When following another vehicle, you need to leave a safe distance. The rule of thumb is three seconds between two cars. You can simply determine this by counting how many seconds it takes you to pass an object, such as a road sign, tree or telephone pole, after the driver ahead passes it.
However, in some instances, you may need to increase this distance. They include:
Driving near a truck
If you are driving behind a large truck, you should increase the following distance. Due to their size, behind the truck can be a blind spot for the driver, which means they may not see you. If they brake suddenly, you may crash into the truck or get under it.
It will also help to increase the seconds when following an emergency vehicle, farm equipment, snowplows and construction vehicles.
Poor weather conditions
Poor weather conditions, such as during winter, may affect a driver’s visibility. Thus, you should increase the safe following distance by a few seconds to eliminate the chances of crashing into another vehicle. This is also essential in nighttime driving.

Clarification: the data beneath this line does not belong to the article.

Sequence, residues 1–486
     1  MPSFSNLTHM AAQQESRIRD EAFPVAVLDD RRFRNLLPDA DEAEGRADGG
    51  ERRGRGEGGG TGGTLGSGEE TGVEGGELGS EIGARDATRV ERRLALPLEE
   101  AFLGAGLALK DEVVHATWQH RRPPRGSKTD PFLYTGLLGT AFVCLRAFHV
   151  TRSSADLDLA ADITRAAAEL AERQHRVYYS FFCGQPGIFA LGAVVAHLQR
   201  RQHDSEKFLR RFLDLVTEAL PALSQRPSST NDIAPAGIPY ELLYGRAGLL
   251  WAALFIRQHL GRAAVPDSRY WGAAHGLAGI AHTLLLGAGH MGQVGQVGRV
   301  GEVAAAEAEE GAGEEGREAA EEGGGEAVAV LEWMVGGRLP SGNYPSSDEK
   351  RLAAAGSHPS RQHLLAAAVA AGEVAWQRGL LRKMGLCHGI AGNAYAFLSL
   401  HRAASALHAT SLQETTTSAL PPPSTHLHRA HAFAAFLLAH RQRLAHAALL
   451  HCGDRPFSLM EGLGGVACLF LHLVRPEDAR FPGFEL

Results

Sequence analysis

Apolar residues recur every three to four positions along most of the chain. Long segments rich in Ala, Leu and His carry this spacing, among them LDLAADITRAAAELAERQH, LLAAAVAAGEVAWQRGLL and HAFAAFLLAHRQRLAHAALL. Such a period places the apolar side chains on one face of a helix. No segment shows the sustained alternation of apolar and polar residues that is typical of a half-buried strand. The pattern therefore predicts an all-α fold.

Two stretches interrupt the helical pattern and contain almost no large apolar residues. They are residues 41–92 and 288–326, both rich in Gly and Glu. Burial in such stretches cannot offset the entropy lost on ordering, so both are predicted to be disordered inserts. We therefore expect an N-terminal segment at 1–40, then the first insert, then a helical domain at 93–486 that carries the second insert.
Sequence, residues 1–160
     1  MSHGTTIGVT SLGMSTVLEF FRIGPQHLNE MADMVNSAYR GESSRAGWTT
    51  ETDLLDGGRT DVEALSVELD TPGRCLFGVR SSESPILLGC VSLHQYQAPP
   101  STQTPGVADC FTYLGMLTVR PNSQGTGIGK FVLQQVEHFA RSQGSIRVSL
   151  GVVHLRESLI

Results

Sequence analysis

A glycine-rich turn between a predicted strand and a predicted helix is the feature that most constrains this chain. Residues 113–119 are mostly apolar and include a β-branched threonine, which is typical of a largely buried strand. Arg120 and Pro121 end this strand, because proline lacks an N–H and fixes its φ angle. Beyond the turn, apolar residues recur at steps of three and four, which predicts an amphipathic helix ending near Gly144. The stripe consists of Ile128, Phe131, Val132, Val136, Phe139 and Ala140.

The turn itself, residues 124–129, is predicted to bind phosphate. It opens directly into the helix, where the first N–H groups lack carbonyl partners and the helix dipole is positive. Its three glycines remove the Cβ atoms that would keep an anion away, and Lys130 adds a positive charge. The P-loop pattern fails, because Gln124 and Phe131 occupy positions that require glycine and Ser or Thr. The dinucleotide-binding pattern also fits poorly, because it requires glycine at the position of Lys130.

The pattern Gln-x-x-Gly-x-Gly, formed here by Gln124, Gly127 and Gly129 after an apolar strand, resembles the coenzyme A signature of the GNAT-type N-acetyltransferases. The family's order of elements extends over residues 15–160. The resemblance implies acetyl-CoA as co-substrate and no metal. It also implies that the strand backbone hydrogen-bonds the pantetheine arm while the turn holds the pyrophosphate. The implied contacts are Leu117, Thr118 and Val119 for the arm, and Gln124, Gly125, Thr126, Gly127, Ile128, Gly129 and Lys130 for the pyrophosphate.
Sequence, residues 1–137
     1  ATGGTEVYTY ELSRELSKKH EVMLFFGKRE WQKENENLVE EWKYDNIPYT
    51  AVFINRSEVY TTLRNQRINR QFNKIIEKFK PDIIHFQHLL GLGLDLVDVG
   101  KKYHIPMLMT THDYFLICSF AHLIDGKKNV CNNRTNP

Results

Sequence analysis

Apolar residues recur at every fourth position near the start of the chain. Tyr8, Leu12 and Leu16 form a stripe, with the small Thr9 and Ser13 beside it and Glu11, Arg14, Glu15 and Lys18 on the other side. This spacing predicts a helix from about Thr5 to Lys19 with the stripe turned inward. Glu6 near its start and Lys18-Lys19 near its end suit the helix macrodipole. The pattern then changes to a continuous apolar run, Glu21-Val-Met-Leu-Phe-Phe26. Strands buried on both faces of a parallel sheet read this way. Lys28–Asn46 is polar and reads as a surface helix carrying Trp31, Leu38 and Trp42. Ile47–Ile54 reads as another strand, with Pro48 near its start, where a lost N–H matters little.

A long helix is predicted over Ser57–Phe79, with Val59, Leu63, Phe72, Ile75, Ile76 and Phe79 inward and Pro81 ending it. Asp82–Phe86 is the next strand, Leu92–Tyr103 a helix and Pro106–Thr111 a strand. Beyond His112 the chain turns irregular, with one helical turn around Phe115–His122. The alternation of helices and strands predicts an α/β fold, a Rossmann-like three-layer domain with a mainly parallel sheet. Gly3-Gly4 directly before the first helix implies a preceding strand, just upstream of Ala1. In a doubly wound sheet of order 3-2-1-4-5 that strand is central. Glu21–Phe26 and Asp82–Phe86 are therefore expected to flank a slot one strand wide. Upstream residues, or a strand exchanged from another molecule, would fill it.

Entering or exiting a highway
When entering or exiting a highway, you should leave more space between you and other drivers to do so safely.
Someone is tailgating you
If someone is tailgating you, consider increasing the safe following distance, as they may have made a mistake. However, if this persists, proving they are doing it intentionally, maintain your speed and let the tailgater pass when it’s safe.
There should be a safe distance between you and other vehicles. If you are injured by another driver, despite observing safety measures, obtain more information about your case and act accordingly to receive fair compensation.